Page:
3.) Treat scours promptly and clean soiled area. Visit piglets early morning before feeding and cleaning time.
At the initial signs of loose feces in some weanling pens, start medicating water with electrolytes and mark piglets with soiled rumps and treat with injectable antibiotics daily for 3 days.
Most Common Diseases for Weanlings
A) Post-weaning Diarrhea
The bacteria E. coli is the most common cause of post-weaning diarrhea. At weaning,the IgA in sow’s milk that protects the intestine against E. coli is no longer available for the piglets. This allows the toxin of E. coli to cause enteritis and diarrhea
Signs and Symptoms
Signs can be seen within 5 days after weaning and can peak at 7-10 after weaning.
Sudden death in piglet is common with sunken eyeballs and blueing of extremities. Others may show dehydration with watery or pasty diarrhea.
Treatment and Prevention
Add Zinc oxide in feeds for 2 weeks at the rate of 2.5 to 3 kgs/ton of feeds.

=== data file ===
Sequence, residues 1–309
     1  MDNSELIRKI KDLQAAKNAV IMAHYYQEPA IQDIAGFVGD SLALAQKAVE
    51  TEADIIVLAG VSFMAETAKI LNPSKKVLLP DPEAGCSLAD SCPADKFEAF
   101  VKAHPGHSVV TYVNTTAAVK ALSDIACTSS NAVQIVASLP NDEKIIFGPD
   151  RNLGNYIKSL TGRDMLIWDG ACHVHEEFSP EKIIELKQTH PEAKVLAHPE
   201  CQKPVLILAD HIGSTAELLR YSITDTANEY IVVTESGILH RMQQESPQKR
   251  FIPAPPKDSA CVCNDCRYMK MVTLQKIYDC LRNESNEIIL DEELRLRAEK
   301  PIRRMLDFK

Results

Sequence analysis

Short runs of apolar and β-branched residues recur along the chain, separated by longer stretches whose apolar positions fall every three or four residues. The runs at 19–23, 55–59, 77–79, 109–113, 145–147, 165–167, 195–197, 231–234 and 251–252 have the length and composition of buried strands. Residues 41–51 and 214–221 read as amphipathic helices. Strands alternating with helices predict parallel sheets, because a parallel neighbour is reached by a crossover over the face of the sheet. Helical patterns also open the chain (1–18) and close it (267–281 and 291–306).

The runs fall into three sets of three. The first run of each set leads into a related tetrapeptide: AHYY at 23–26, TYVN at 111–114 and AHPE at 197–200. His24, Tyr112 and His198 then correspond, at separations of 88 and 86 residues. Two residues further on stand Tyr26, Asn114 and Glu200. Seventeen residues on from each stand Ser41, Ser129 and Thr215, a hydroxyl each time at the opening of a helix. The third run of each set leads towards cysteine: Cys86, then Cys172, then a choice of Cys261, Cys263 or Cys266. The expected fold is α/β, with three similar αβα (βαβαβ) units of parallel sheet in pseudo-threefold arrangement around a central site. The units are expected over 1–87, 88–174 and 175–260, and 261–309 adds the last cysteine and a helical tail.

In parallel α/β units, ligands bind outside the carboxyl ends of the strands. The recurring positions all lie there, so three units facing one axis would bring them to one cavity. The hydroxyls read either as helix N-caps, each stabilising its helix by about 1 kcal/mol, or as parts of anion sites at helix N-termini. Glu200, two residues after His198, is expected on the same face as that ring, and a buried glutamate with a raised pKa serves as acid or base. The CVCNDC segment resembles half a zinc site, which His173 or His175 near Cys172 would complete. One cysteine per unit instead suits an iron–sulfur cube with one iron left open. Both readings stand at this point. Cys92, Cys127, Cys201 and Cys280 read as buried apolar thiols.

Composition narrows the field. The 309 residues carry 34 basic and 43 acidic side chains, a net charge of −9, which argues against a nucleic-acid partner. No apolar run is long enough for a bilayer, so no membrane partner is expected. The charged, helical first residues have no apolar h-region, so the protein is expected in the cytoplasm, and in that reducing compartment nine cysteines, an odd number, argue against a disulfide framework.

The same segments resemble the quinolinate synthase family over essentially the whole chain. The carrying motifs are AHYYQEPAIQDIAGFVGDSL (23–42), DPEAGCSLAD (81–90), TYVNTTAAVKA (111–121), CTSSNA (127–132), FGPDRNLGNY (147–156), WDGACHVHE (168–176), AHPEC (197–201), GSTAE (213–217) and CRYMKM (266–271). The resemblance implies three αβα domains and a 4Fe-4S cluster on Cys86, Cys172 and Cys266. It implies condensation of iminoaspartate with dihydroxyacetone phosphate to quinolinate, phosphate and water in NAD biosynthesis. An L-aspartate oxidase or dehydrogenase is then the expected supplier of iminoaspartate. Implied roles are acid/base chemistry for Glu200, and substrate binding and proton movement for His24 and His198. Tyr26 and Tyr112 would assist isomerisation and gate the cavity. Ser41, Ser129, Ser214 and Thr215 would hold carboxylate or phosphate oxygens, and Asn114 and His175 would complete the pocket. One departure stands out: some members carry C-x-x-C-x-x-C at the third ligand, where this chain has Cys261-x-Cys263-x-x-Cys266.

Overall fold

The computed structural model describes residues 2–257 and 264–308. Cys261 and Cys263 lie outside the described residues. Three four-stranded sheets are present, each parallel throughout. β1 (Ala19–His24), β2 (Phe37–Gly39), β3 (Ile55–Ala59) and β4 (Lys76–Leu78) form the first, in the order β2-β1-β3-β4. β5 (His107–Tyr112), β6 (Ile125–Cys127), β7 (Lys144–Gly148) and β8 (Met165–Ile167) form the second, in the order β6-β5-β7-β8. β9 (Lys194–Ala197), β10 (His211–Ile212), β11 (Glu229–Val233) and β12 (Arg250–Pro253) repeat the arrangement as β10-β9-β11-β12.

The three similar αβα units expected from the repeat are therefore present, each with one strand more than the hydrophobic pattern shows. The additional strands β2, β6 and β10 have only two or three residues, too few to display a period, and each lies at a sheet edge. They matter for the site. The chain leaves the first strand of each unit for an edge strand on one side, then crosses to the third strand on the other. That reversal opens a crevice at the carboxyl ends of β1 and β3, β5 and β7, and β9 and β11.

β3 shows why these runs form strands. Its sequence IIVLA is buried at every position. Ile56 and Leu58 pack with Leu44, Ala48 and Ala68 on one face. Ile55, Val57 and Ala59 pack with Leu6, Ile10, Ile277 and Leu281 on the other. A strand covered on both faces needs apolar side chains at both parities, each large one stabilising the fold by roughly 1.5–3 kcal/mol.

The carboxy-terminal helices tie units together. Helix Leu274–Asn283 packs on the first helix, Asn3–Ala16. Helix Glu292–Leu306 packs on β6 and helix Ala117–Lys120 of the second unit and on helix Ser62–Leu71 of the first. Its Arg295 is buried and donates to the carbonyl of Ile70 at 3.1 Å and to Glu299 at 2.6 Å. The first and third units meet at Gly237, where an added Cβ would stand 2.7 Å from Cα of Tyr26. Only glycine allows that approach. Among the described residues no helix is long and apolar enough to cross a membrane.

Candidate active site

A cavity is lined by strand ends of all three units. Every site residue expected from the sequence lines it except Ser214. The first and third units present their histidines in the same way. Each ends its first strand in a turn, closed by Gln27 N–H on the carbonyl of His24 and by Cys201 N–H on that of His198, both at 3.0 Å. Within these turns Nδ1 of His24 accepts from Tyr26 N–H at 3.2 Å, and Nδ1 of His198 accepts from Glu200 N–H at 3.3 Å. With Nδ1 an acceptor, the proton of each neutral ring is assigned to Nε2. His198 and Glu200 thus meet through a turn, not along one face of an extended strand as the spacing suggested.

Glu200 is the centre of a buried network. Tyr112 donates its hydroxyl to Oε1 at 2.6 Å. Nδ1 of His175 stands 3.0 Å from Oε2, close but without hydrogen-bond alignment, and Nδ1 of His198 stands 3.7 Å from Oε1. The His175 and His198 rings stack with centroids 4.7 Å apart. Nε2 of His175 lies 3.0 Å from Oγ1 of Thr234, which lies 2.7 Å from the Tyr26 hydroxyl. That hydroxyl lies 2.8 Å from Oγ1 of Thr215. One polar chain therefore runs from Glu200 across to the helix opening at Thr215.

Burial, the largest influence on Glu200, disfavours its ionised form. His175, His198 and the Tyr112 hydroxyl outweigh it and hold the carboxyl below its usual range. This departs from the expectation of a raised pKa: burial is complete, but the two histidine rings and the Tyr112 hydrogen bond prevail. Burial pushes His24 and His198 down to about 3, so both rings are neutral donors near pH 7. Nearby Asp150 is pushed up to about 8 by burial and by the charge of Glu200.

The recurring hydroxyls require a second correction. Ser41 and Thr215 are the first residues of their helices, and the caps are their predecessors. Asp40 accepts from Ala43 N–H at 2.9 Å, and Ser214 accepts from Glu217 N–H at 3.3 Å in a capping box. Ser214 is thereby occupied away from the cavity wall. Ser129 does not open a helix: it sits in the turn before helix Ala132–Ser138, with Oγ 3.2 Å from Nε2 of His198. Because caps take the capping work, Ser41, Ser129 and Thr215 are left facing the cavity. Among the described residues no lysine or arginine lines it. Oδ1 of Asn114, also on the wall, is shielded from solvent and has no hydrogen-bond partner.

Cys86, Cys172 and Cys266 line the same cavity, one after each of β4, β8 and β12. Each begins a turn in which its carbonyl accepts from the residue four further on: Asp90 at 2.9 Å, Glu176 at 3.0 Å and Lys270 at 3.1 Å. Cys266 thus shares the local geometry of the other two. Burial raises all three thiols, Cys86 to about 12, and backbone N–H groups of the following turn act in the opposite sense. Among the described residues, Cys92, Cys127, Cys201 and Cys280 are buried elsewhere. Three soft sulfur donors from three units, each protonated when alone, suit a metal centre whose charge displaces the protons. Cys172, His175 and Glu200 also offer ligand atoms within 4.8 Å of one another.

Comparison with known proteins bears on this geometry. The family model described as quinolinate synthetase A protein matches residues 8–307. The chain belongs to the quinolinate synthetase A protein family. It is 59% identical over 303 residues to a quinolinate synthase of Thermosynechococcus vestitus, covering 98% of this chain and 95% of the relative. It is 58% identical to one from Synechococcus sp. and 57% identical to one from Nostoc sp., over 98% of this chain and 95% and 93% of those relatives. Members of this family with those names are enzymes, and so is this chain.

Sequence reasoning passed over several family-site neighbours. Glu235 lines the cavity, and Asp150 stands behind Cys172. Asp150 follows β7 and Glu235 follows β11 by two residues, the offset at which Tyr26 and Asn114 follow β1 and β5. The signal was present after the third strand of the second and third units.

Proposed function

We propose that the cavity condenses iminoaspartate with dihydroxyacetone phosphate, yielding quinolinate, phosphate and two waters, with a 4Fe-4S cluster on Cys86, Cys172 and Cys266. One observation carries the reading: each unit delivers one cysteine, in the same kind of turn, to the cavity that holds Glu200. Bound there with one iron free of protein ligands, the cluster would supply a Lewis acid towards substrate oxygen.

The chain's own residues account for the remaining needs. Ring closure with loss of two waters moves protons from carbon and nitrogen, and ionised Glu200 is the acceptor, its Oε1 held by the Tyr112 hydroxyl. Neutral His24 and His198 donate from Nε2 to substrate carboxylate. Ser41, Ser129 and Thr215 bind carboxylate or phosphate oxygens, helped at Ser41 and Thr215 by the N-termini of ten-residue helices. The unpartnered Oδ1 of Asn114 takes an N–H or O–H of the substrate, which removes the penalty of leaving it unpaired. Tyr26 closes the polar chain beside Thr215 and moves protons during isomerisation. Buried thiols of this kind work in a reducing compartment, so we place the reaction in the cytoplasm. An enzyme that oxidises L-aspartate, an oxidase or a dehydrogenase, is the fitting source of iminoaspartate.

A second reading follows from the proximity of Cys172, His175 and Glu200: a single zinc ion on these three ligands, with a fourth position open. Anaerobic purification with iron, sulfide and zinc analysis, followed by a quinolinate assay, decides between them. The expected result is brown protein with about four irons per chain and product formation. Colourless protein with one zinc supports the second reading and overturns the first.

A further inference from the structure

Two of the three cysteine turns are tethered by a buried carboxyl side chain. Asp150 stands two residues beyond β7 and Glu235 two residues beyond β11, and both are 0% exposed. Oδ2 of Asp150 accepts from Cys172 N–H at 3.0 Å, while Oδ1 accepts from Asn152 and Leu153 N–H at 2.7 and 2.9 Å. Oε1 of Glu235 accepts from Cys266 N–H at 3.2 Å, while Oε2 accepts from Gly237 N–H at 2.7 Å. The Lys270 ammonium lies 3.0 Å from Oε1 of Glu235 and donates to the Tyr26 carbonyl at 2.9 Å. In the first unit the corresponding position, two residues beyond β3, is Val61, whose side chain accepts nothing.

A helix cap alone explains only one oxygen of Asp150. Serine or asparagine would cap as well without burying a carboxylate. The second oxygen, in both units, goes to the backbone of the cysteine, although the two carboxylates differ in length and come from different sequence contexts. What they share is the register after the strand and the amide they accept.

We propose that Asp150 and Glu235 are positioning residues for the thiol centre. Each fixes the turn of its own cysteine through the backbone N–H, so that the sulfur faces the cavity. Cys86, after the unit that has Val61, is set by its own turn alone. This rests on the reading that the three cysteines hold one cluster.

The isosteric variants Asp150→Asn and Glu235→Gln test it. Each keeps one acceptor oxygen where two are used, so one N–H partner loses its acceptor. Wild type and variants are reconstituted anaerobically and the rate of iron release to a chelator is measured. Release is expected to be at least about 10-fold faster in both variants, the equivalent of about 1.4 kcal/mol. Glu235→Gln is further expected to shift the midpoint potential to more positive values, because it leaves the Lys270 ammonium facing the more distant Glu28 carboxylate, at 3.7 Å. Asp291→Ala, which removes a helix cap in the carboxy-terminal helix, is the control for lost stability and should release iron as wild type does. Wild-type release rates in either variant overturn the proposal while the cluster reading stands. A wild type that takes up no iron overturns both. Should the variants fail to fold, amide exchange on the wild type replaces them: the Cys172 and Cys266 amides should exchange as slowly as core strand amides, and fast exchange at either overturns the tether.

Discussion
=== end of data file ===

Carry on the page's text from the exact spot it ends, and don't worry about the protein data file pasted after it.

Individual injection of sick pigs with antibiotic is advisable especially during the initial stage. Suitable antibiotics include Amoxicillin, enrofloxacin, gentamicin and trimethoprim/sulfa.
Also put electrolytes in the drinking water for piglets with signs of dehydration. Prevention of the disease was discussed in the management at weaning above.
Streptococcus suis is a common bacteria of pigs which is present in the tonsil. During stressful conditions like weaning, they can proliferate and infect the brain.
Signs and Symptoms
Sudden death in weanlings is a common sign. Initial signs include a glassy stare and unsteady gait.
Moreover nystagmus (lateral movement of the eye), paddling and frothing of mouth can also be observed in other weanlings.
Isolate the affected pig because it may shed the bacteria during infection